Repeat the procedure for the opposite side of the corner. Angle the putty knife to ensure it doesn’t drag into the mud on the other side of the edge. If you hold your blade upside-down, you can manage a good bit of the joint compound you applied to the opposite side. When you have mud on both sides of the corner, run the knife along each side to make a even layer. The density of the compound should be as constistent as possible.
Apply the Tape in The Corner
Now it is time to apply the tape that you have prepared for the project. Start at one corner end and press the tape into the drywall compound. The fold in the tape must be in the angle of the corner, with half the tape on one side and the other half on the other side. Run the putty knife lightly along with the crease of the tape to push it into the drywall joint compound.
Next, run the putty knife on each side of the corner. Push any air bubbles out of the tape with the knife. Start in the middle of the tape and move the knife to one edge. Afterward, return the center of the tape and smooth it in various other directions. If you are dealing with the edge between the wall and ceiling, work with the layer of tape that gets on the bottom side of the corner first. Alternatively, you can use 3Way to easier tape and finish a corner.
Wipe any added compound off your taping knife as you continue to work, yet make certain there’s still mud under the tape.
There might be a line of mud left along the edge of where you worked with your knife. Draw the mud knife with the line at an angle to smooth it.
When you’re done, the tape needs to form a smooth line in the corner of the drywall without bumps and bubbles.
Let the drywall compound dry overnight.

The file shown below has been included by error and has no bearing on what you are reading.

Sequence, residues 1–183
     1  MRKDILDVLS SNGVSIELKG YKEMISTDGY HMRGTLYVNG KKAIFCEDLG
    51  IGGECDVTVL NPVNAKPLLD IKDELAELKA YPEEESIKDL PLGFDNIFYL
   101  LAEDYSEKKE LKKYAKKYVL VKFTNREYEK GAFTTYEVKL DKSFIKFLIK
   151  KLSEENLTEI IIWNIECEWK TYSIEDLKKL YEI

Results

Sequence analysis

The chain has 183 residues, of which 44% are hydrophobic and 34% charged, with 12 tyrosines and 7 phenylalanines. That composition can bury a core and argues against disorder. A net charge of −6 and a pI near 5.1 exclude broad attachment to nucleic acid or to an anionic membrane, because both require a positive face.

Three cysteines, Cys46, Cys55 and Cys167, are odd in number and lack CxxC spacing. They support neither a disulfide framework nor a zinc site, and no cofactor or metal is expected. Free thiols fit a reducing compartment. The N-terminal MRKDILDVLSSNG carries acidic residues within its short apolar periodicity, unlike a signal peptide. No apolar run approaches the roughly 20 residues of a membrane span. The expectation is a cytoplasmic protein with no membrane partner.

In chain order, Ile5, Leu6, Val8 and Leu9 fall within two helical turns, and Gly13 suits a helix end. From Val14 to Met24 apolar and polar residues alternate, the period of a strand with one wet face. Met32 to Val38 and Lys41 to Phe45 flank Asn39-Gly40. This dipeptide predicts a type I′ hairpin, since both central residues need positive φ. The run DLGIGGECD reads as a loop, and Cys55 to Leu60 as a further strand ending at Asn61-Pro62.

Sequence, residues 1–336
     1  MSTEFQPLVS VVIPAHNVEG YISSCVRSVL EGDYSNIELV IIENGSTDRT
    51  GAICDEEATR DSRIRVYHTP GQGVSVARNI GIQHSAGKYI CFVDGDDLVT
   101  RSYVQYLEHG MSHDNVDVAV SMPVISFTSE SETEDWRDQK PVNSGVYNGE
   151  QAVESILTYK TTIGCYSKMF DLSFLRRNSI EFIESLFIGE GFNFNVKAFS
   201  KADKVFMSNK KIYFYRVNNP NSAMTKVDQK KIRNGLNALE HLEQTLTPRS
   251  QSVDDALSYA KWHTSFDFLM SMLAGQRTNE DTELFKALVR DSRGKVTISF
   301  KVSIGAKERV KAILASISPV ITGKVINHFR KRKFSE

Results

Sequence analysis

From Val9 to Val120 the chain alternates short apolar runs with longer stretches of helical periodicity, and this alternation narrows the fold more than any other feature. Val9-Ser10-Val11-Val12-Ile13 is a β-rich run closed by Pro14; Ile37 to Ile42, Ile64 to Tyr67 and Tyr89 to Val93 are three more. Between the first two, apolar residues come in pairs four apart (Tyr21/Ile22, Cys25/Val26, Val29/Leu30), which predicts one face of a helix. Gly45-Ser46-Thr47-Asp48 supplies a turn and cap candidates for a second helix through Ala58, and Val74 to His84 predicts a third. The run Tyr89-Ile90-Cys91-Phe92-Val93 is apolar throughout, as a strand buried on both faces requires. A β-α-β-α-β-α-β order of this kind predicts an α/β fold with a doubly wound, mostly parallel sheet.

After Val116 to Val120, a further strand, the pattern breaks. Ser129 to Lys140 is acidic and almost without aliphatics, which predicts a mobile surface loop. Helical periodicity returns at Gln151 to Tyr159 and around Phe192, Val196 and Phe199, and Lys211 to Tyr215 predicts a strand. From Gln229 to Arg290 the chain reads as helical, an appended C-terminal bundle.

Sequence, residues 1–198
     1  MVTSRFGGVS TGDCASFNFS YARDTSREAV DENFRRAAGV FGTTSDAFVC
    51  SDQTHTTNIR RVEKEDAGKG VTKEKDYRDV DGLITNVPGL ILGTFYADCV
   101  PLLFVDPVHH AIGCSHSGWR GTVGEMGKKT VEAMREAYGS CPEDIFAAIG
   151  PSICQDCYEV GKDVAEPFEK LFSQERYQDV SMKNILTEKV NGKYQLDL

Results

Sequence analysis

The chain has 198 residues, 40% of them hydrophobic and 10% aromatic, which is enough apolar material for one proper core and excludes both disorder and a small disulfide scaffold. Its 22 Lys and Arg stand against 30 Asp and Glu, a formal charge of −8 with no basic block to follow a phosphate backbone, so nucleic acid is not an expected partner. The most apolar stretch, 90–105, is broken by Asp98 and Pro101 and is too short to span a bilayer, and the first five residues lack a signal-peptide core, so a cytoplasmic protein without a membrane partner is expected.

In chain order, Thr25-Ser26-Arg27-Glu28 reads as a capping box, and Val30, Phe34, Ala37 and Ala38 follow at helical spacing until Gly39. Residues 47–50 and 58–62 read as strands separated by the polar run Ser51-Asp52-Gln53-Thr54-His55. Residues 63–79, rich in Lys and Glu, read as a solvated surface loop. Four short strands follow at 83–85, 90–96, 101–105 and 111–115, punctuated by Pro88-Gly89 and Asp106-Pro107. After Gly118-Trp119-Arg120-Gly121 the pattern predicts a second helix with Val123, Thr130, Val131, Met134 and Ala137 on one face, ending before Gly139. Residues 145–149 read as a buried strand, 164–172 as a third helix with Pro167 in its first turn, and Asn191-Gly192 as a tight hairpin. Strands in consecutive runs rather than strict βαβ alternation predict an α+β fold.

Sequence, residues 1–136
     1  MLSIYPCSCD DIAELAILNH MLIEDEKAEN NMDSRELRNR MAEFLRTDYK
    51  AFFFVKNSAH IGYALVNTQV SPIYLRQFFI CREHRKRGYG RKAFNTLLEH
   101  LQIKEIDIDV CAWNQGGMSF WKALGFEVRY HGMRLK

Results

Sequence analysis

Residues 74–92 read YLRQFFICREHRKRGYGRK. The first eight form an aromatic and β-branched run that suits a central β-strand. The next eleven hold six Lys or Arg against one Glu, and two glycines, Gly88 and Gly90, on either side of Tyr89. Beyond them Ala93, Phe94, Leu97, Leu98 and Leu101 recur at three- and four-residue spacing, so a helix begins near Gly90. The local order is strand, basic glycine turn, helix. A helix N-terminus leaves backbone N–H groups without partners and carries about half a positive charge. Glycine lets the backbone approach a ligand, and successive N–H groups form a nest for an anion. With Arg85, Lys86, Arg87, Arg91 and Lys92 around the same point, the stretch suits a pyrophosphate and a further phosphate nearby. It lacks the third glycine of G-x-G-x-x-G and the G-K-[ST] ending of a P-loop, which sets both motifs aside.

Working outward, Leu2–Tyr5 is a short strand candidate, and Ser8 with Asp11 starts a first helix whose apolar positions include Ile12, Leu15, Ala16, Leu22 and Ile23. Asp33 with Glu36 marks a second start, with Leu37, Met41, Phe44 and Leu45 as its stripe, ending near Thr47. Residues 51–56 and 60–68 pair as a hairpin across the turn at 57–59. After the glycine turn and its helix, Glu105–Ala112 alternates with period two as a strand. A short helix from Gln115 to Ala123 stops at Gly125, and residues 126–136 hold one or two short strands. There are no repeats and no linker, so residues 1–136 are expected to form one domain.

Apply Additional Mud to One Side
After allowing the drywall compound to completely dry, you will use the mud blade to use an additional layer. Start on one side of the edge and also use the substance making use of smooth short strokes.
Make use of the side of the knife to even out any excess substance. Run the mud knife throughout the whole length of the edge as you finish up. Feather the edges, so they mix right into the drywall.
Apply Compound To The Other Side
Sand As Well As Smooth
When the drywall substance is completely dry, use a sander to ravel any remaining roughness.
When you’re sanding drywall, it will certainly produce dust particles. Put on a mask or respirator mask to keep from breathing in the dust. Drop cloths will likewise assist you in keeping the dust from spreading past your work area. However, you may want to move any furnishings or other things in the room.
Understanding how to complete inside drywall corners will allow you to give drywall installment an essential finishing touch. Functioning rapidly and also meticulously will develop quality results.
If you’re working with many inside drywall corners, you might want to buy a special device to make the job much faster. We have a few tools that will speed up the process.
A drywall angle head is an automatic taping tool used to cover both inside corners with a bed and finishing coat.